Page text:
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Game #16: A’s waste Montas’ gem, lose 2-0 to Rangers

Where has the offense gone?

MLB: Texas Rangers at Oakland Athletics D. Ross Cameron-USA TODAY Sports

Oakland let this one get away late, suffering another frustrating loss to the Texas Rangers 2-0 on Saturday afternoon.

Staff ace Frankie Montas put on an absolute show, allowing just a single in his first seven innings in his best showing of the young season. A tough eighth ended his day on a sour note, but Montas deserved a win today with the way he dominated the Rangers.

The A’s couldn’t get him any run support, though, collecting just three hits and getting shutout for the second time this year, and second time in four days. After a hot start to the year, the offense is cooling down and it’s starting to cost. Maybe it’s the fact that they haven’t had an off day yet, so fingers crossed this slump won’t last long with Monday’s off day right around the corner.

*** Click here for today’s Game Thread! ***

The story today is all Montas. The right-hander was a buzzsaw today, taking a no-hitter into the 5th inning. He was especially dominant in the early going, getting four swinging strikeouts in the first two frames. Even a base runner reaching thanks to Nick Allen’s first error was immediately wiped out on a groundball double play to end the third.

Allen would make it up to Montas the next inning. After walking his first and only batter of the day with two outs, there was a flare down the left field line that would have broken up the shutout had it fallen. Allen showed off the wheels, covering a lot of ground to make this play:

A 1-out single in the top of the fifth broke up the no-no, and Montas’ next pitch hit the hand of Adolis Garcia to put the ace in his first real jam of the day. Montas needed a double play. Well, he got one, but probably not in the way he was expecting.

After the A’s couldn’t finish off a double play on a groundball to Christian Lopes, first baseman Christian Bethancourt made a heads up play to throw to third base, where a wandering Garcia had rounded the bag too much and got nabbed. Take a look:

What a play by Bethancourt, with that catcher’s arm of his coming into play here. Texas challenged the play but the call was confirmed upon review.

Meanwhile, there wasn’t going on a lot in the bottom half of the innings today. Left-hander Martin Perez was matching Montas pitch for pitch for six innings. A two-out Allen double over the left fielder’s head was the A’s first hit in the bottom of the third but a Tony Kemp strikeout ended that scoring chance. Another two-out rally, a Lopes walk and Cristian Pache single in the fifth, sought to capitalize on the momentum the team had after Bethancourt’s throw, but fizzled after an Allen fly out.

Perez threw one more inning, and with the A’s finally into the Texas bullpen, maybe the game would change. In the bottom of the seventh, with one down, Stephen Piscotty hit a line drive up the middle for what looked like a single, but another heads up play by an Athletic saw Piscotty take advantage of the center fielder taking his time and make it to second base for a double. You could tell the team was desperate to get Frankie just one run. An Elvis Andrus walk put two runners on with only one out but an infield fly from Lopes and a groundout from Pache ended the threat.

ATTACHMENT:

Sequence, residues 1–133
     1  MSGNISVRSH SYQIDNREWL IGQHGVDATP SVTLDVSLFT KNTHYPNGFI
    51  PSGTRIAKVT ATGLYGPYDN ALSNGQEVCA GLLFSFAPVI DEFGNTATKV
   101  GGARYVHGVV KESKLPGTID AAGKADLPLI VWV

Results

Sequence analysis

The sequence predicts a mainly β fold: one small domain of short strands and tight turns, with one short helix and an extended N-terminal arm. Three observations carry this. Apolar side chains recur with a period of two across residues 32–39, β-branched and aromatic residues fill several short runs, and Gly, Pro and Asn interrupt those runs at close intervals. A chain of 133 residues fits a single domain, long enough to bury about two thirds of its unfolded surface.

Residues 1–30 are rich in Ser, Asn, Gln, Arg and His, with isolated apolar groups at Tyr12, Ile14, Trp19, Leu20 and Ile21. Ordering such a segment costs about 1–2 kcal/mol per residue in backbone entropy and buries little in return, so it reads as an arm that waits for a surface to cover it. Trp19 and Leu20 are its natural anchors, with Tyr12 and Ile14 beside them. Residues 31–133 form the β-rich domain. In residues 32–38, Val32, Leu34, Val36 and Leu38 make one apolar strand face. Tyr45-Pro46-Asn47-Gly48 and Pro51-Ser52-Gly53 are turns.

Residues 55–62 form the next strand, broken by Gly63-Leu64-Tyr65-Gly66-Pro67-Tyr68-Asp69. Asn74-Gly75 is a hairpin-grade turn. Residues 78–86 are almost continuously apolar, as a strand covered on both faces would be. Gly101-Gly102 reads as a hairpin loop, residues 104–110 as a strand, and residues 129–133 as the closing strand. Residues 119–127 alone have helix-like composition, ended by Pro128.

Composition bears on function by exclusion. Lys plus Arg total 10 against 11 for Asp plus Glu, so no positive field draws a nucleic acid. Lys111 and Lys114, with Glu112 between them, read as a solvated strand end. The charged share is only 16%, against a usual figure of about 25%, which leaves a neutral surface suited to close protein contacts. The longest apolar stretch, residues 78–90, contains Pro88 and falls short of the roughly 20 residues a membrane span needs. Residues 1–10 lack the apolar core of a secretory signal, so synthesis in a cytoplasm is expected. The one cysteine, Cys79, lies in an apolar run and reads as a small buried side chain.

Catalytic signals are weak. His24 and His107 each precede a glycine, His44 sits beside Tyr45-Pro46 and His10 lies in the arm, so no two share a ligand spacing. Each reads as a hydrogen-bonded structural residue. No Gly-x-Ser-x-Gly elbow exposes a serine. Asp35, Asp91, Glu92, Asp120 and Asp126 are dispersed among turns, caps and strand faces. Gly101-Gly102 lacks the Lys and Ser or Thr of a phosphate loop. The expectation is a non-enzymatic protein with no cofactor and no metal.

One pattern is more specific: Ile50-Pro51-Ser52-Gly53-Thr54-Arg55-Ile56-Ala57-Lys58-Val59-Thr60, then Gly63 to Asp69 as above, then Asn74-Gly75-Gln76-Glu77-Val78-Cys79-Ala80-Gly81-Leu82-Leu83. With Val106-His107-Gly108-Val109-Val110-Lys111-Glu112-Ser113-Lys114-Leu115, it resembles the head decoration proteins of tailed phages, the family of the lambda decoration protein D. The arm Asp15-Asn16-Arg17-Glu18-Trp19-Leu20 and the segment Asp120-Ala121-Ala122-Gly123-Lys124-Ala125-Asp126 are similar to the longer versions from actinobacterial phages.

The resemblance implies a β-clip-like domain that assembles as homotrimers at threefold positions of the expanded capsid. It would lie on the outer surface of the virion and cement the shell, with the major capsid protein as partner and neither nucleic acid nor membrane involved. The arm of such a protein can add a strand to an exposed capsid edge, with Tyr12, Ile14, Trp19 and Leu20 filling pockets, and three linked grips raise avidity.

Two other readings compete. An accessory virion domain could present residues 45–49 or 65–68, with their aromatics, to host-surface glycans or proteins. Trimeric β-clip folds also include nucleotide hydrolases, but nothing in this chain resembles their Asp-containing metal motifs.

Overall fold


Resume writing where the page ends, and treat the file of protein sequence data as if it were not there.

With the score still tied and Montas at 86 pitches, Kotsay sent him back out for the eighth inning, probably hoping to give the offense one last chance to score and get him the win. The decision worked earlier in the week with Cole Irvin, but backfired today. Back-to-back one-out singles by the Rangers, including one that just snuck under the glove of Lopes at second, put runners at the corners and ended Montas’ day.

  • Frankie Montas: 7 13 IP, 3 H, 2 R, 1 BB, 8 K, 96 pitches

As you can see, both of those singles turned into runs and were charged to him. Domingo Acevedo came on and got a groundout for out number two, but the runner at first was running on the pitch and made it to second without a throw. Up came Brad Miller, who lined a ball the other way into left field to bring in at least one run.

Now, initially, it looked as if left fielder Tony Kemp had thrown out the second runner trying to score from second base, but a replay review, initiated by the umpires since Texas had lost its challenge, ruled that Sean Murphy was blocking the plate and not allowing a clear lane. You be the judge:

That meant both runs scored, and on a day where runs were at a premium, it felt like that was it. Mark Kotsay would come out and argue before going back to the dugout, then coming back out as the A’s were getting ready to bat and getting ejected. Love the fight. Congratulations to Kotsay on his first career ejection!

Kirby Snead came on for the ninth and gave up a single, picked him off trying to steal second, and got a strikeout, getting right back into a game after being activated off the COVID list this morning.

The A’s would go down in order in the eighth and ninth innings to end this one and saddle Montas with the loss. Disappointing considering how well he threw the ball today. And apparently he was trying out something new:

With the loss, the A’s fall to .500 again. The series is lost, but the good news is the A’s keep getting healthier by the day, #FilthyFrankie showed off today, Ramon Laureano is starting his rehab assignment soon, and Oakland can avoid a sweep and salvage a game tomorrow afternoon. It’ll be Cole Irvin going for Oakland, the final game of this homestand before Monday’s day off. See you tomorrow!